Building Ramps and Tearing Down Walls

Surf and skate photographer and filmmaker Brian Adamkiewicz tells us how an international crew of skaters is combating negative rhetoric with shovels and trucks (not the dumping kind)

The mission behind Build Ramps Not Walls is very simple—It’s right there in its name

Skaters have always run on the rebellious side. Any skater on the streets of New York knows the drill…find the spot, grind it until the cops come, get the hell outta dodge before they confiscate your board. While the spirit of defiance still thrives in the skater community, skateboarding is following surfing down a professional path that has a final destination of the 2020 Olympic Games in Tokyo. So what does a more organized and professional skate community with a defiant streak do? Well, they get together and take on the injustices in the establishment, that’s what.

While the surf community has naturally galvanized around environmental concerns and protecting the ocean, the skate community is speaking out against racism, prejudice and hatred. Take the example of our binational initiative of Mexican and American skaters. With skaters from New York, California, Hawaii, Portland and from all over Mexico, Build Ramps Not Walls has started a movement against the negative rhetoric about Mexicans and immigrants.

The moment came for me when I overheard a young skateboarding prodigy Nat (just 7 years old at the time) talking to his friends. As a 7-year-old he couldn’t understand what the wall everyone was talking about was for and why. As a Mexican-American he was nervous though, wondering if he was going to be able to see his friends and family on either side of the border.

So we showed him the alternative of what you can build with the same materials—cement, rebar, cinderblock etc.

The skate community is speaking out against racism, prejudice and hatred.

Skateboarding has always broken down barriers. Go to any skate park in New York City on any given day and you will find guys from Brooklyn, from the Dominican Republic, from Mexico, from California, from Long Island, from all over. There is no localism in skating, the vibe is ‘anyone is welcome’. No throwing attitude because some guy is not from around here, ever. It just does not happen like that.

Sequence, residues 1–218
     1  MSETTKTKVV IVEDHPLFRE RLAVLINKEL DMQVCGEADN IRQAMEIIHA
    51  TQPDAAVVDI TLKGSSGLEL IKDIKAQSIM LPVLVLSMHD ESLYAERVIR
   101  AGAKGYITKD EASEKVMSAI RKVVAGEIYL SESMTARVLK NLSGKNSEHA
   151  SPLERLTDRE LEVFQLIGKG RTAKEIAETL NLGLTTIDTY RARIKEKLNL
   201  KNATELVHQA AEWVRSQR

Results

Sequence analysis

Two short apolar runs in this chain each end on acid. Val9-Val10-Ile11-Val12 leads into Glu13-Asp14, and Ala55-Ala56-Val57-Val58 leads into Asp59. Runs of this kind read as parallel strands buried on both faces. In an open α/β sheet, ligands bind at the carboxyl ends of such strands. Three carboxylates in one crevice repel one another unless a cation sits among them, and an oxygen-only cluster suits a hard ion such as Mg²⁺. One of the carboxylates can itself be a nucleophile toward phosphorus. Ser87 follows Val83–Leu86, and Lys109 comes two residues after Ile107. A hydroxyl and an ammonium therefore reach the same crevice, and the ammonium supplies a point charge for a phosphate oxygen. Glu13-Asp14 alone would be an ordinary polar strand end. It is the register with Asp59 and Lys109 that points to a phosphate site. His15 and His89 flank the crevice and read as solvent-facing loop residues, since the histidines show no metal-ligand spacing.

This open-minded and accepting attitude is the basis for the Build Ramps Not Walls project where a crew of international skaters decided to build a new skate ramp with the same materials that will be used to build the wall along the border between the U.S. and Mexico.

I have a ton of friends who skate and surf in Mexico—some are Mexicans, some are Americans and Canadians. When the talk about the wall started getting serious, and images of Mexicans in the U.S. media took a turn for the worst, we all got together and decided that we wanted to make a statement, make a change in how people view Mexicans, view skaters, view the border.

In February of this year, I headed south of the border to the coastal town of Puerto Vallarta, Mexico, where the local surf and skate community was gearing up for a DIY ramp build with volunteers from both sides of the border. After we spent about three months in Mexico, building, filming, skating, surfing and pushing the change we want to see in the world, the project has been picked up momentum and has been growing ever since.

The result of all this is a documentary short that will be out in early 2018.

Through this film, we want to show the world that skaters can have a big impact, standing up for what they believe in and breaking down the barriers that divide people by building ramps that unite.

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Watch for the film and more projects